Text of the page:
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Of course, that didn't mean I didn't think about what I'd done with Sean the entire two-hour shuttle van ride from Mankato to Minneapolis-St. Paul International Airport and then a goodly part of the four-hour flight from the Twin Cities to Burbank, California. Fortunately, my father, brother, and sister were sitting in the row behind me, row 12, while I had secured the window seat on the left side of row 11. My father was doing hard-copy revisions of his latest novel, Gemma was rewatching Jersey Shore on her iPod, and Chad was sleeping.
As for row 11, unfortunately, the middle and aisle seats were occupied by a pair of adult twin ladies in wide matching poodle-themed skirts. Members of the Poodle Club of America, en route to a poodle convention in Los Angeles, they were traveling with matching champagne toy poodles named Fred and Ginger. Ginger sported a rhinestone collar and her nails were painted silver. Fred had a black tuxedo collar. Their little poodle carriers were a joke.
Some people say that evangelical Christians can get too enthusiastic in their efforts to bring church to the unchurched. I am here to say that they have nothing on the poodle ladies in their efforts to convert me to the pulpit of poodles.
Pretending to sleep was my best option, but then I really did doze off, with thoughts of Sean and what we'd done the night before dancing in my head. Not good. Sugarplums should dance in your head, not the loss of your virginity on the floor at a party and not being too pleased with yourself for having done it.
My mom had come to Los Angeles a week ahead of the rest of us to start at the church; Dad had stayed behind in Mankato so that we kids could finish our finals. The church had put her back in a bungalow at the Beverly Hills Hotel, since our new home was being repainted and re-everything else, but that day it would be ready and we'd all move in. I was half convinced that the moment my mom saw us, she'd know I'd had sex. Sometimes she's spooky like that. If she asked me, I'd be dead, because I found it impossible to lie to her. On the other hand, even if she didn't ask and I didn't tell, it would still be the building of a false impression.
I could imagine her writing a sermon about that.
What woke me up was a poke in my ribs through the space that separated me from one of the poodle ladies. It was Gemma, lifting folds of poodle skirt to find me.
"We're landing!" she shrieked with excitement.
I rubbed my sleepy eyes and then gazed out the window. Thanks to Google Earth, I had an idea of what Los Angeles looks like from five thousand feet, but a computer screen can't give you the scale. It's huge. A hundreds-of-square-miles sprawl of buildings, houses, and freeways, stretching from the San Bernardino Mountains to the ocean. I got a bird's-eye view of the two big freeways, the 101 and the 405, which I would come to know and loathe well. It was just a little after noon--we'd dropped two time zones on the flight--but both freeways were stop and go. Mostly stop.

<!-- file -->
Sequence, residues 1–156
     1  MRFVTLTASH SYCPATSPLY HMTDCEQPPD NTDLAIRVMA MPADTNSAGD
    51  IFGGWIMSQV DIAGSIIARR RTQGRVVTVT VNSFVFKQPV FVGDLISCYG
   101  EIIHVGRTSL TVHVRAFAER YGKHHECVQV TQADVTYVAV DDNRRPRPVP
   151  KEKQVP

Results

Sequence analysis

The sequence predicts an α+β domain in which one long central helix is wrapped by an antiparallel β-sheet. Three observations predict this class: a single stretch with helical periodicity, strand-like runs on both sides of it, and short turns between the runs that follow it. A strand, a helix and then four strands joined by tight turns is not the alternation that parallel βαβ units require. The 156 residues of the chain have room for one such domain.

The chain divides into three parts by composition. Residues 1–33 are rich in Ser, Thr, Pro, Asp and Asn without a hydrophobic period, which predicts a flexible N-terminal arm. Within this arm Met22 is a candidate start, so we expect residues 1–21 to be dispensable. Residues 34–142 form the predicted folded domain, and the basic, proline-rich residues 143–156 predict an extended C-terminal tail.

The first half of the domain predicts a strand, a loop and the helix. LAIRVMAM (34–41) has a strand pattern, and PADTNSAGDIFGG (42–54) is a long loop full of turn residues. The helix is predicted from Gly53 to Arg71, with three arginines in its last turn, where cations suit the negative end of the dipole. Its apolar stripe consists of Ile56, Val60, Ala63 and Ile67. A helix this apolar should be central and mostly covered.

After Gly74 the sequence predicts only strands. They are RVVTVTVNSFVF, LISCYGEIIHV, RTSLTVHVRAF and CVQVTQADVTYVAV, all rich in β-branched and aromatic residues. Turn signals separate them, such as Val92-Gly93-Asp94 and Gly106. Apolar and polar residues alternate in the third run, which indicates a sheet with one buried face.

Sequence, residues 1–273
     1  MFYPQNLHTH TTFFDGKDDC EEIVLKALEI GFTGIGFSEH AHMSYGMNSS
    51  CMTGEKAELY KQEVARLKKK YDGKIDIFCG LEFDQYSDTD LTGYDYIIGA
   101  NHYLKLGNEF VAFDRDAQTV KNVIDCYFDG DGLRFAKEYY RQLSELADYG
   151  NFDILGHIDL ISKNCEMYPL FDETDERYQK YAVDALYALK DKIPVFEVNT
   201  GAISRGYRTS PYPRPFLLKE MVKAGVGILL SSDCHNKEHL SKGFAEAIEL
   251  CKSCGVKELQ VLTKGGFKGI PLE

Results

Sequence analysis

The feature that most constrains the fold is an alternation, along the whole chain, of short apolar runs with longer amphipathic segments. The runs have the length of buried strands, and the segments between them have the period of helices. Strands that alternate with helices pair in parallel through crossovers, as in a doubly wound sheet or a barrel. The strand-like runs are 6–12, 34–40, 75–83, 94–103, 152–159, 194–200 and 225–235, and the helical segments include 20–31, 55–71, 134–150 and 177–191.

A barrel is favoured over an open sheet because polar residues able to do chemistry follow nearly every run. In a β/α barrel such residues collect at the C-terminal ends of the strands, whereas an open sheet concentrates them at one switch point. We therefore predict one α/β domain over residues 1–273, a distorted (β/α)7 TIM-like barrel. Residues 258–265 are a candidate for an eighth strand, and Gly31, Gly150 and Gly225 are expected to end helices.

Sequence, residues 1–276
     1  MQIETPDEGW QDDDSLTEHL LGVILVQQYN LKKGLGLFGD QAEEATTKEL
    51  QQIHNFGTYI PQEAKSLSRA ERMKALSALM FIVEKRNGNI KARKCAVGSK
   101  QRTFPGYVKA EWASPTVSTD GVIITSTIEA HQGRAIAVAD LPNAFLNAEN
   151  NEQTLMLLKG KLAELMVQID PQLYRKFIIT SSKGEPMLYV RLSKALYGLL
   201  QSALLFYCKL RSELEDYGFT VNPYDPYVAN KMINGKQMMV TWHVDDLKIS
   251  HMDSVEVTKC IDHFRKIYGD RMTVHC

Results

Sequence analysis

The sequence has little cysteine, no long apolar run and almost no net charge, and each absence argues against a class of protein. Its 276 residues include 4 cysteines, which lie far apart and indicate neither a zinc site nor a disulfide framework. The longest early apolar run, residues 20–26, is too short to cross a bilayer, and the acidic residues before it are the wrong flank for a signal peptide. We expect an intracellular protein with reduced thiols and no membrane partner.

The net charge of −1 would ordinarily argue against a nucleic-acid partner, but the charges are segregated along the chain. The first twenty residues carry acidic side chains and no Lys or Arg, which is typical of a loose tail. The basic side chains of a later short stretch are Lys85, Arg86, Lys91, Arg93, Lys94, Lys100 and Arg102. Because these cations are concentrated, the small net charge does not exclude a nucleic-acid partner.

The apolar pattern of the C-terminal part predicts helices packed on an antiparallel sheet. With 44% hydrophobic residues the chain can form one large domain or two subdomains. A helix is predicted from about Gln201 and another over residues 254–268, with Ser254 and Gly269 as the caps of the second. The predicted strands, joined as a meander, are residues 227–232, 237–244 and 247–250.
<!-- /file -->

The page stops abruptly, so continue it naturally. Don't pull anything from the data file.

"Isn't this exciting?" Gemma squealed. "California. Thank you, Mom. Thank you!"
Fifteen minutes later, we were on the ground. I retrieved my guitar from the overhead compartment--it's a beauty, an acoustic Takamine that was an operative result of several hundred hours of babysitting--and slung a small backpack over my other shoulder, and after heartfelt hugs from the poodle ladies, I was good to go. Since it had been eighty degrees in the Twin Cities when we'd taken off, and it was the same temperature here in Burbank, I was traveling comfortably in a battered pair of no-name jeans, a Mankato State University T-shirt, and flip-flops.
The Burbank airport is mercifully small. We'd heard nightmare stories about the big Los Angeles airport, LAX. My dad made a bathroom pit stop and said he wanted to call my mom, so my brother, my sister, and I beat him to baggage claim. It wasn't hard to find the guy from the church who was picking us up. First, he had a hand-lettered sign: WELCOME TO L.A. SHELTON FAMILY. Second, he was the best-looking guy in a room crowded with good-looking people. Easily six foot two, with close-cropped and well-gelled dark hair, he had a cleft chin, broad cheekbones, and blue eyes the color of a clear May sky. He was dressed in hip-casual jeans, a white T-shirt, and a black silk sport coat.
"Whoa!" Gemma whispered. "He's hot!" She did the hair-flip thing she does whenever she approaches a cute boy. This guy, however, was not a cute boy. He had to be in his early twenties, at least. I knew the age difference wouldn't bother Gemma a bit.
I waved to the fine guy and he strode over to us with a hand outstretched. "Shelton family! Welcome to Los Angeles. I'm Xan, the church van driver."
"I'm Gemma," my sister purred through her frosty pink lip gloss. "It's fantastic to meet you." She held her hand out to him. He took it to shake but she just held on.
Ever so subtly, I kicked her in the shin. She dropped his hand. "I'm Nat." I shook his hand. "And this is our brother, Chad."
"It's great to finally meet you guys," Xan said. "Your mom can't wait to see you." He looked around. "Where's your dad?"
"Pit stop," I explained. "He drank a little too much on the plane. Coffee, that is. Because he doesn't drink much. Alcohol."